- UK government NHS Breast Screening Programme
- United Kingdom
For years independent experts have requested transparency with the client population for breast cancer screening on the issue of overtreatment, but the National Health Service Breast Screening Programme have prevaricated. Everyone wants people with breast cancer to get prompt appropriate treatment; equally, nobody wants people who do not have cancer to be treated as if they do.
If the treatment for breast cancer were a pill with no side effects, it would matter less. But approximately 7000 women per year in the UK receive some or all of surgery, radiotherapy, chemotherapy and adjuvant drug therapy they do not need. They pay a high price for nothing: their life is not saved because it is not threatened.
It seems reasonable that if cancers can be found early, lives can be saved. But women are not told before screening what practitioners know, that
- they may find themselves having to accept life-changing treatment for lesions which may never harm them
- cancerous cell changes are not uncommon and many don’t progress
- screening identifies many minor lesions over and above those that would go on to endanger life but pathologists do not yet know enough about cancer to tell whose abnormalities will progress
- hence all are treated just in case
- this applies both to noninvasive (in situ) and invasive cancers. Some invasive tumours remain static or regress. Not all cancers will kill. This is recognized with cervical and prostate cancers
- screening predominantly identifies slow-growing tumours, treatable even if found later, artificially inflating survival statistics
- sometimes surgery is done to look for cancer not detected by other tests.
The numbers involved in overtreatment are significant. Some would wish to avoid it; it is too late after receiving an equivocal diagnosis to find out.
Independent experts dispute the NHSBSP’s statistics. The NHSBSP quote their own study that for every overtreated person, two other lives are saved. Some people may prefer to avoid even this risk for the sake of a very small chance of benefit; it is their right. Many independent estimates say 10 are overtreated for 1 death prevented in 2000 women screened over 10 years. The difference is huge, significant and material to the decision whether to be screened. Women have a right to know.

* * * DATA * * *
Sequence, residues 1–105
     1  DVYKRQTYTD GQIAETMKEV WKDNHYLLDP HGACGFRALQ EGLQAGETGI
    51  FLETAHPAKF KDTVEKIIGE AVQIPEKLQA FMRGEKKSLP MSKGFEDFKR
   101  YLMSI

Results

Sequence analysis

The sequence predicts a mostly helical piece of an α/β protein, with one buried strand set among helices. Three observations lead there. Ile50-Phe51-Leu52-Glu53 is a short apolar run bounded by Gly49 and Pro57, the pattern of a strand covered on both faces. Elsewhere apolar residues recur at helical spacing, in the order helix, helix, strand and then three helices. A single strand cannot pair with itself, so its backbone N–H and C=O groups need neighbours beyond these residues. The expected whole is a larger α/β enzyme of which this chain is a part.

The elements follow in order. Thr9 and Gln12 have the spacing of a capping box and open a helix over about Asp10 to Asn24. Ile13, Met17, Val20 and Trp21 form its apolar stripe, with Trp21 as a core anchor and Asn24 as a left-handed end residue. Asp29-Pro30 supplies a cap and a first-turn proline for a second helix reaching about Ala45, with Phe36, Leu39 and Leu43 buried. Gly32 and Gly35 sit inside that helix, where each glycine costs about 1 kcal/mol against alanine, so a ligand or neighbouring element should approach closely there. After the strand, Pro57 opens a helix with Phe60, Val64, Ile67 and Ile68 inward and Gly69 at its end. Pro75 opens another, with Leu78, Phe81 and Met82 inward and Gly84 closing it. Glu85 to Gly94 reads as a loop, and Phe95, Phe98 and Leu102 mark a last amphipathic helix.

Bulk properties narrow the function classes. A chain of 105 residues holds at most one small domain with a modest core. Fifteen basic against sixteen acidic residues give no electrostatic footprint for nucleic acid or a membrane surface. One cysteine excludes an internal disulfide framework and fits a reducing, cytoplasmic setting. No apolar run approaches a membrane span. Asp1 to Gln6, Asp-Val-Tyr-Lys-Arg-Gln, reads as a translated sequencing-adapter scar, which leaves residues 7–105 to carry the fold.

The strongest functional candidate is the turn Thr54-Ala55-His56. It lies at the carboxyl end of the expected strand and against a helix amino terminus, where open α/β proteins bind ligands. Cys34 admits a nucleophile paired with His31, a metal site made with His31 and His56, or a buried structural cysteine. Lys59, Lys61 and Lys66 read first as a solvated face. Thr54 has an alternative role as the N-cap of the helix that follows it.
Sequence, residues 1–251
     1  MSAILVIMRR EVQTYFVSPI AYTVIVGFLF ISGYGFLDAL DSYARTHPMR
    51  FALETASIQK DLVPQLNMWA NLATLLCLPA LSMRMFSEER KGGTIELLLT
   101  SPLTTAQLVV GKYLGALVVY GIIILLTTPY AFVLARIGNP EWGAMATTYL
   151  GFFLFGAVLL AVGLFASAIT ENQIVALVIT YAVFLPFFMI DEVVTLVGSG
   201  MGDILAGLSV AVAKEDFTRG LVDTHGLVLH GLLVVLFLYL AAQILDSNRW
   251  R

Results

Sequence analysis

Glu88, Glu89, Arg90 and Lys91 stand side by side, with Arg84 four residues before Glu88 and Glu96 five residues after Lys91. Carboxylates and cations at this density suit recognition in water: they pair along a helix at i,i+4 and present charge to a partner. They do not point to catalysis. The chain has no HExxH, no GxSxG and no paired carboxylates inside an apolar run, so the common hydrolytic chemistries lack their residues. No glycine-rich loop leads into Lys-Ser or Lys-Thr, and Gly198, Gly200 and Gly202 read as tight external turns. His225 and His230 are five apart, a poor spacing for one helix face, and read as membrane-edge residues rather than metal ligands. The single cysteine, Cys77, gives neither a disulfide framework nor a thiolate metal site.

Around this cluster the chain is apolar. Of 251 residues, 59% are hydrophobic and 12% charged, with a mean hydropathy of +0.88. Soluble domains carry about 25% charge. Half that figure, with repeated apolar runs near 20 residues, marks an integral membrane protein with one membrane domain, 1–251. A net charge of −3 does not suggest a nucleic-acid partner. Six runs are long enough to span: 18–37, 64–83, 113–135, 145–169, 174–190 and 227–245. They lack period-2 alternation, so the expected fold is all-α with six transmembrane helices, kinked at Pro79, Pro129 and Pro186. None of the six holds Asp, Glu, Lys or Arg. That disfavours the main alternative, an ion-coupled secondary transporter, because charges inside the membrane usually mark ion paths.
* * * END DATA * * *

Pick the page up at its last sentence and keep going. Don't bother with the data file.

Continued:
Evidence that screening saves lives is lacking. Many screen-diagnosed women are encouraged to believe and allowed to go on believing what is not true, that screening saved their lives.
The NHSBSP has said that they do not want to explain overtreatment for fear of deterring women from screening. That is paternalism. It is wrong to withhold truth about risk of harm in order to secure uptake of a preventive health programme. Women may still want screening when they know the risks, but it is every woman’s right to decide for herself on correct information whether she wants to take the significant risk of overtreatment for the small chance of benefit. My request is simply for accurate relevant information.
We the undersigned, call on the NHSBSP to adopt a policy of transparency with its clientèle regarding the risks of harm and the chances of benefit, if any, in being screened for breast cancer.
• We request that information leaflets be designed with the aim of facilitating decision-making by clients and not of increasing uptake. These two objectives are in conflict. The latter involves distorting the information, since the truth about screening may deter some individuals from being screened. It is their right to decide on correct information, and rational and safe not to be screened if they so wish.
• We request that all literature, particularly information leaflets accompanying unsolicited appointments for screening, be open and honest about what is and is not known.
• We request that the NHSBSP in their public information leaflets:
- indicate the nature and limitations of screening a population for a disease
- give the range of estimates of benefit and harm presently made by independent experts, and indicate that there is uncertainty and that there are differences of view amongst experts
- name and explain the issues of overdiagnosis and overtreatment
- refer to alternative reliable sources of balanced information for clients to find out more, including reference to Sense About Science/Making Sense of Screening and to the Nordic Cochrane Centre review of breast screening.
The Straight Talk about Screening petition to UK government NHS Breast Screening Programme was written by Miriam Pryke and is in the category Health at GoPetition.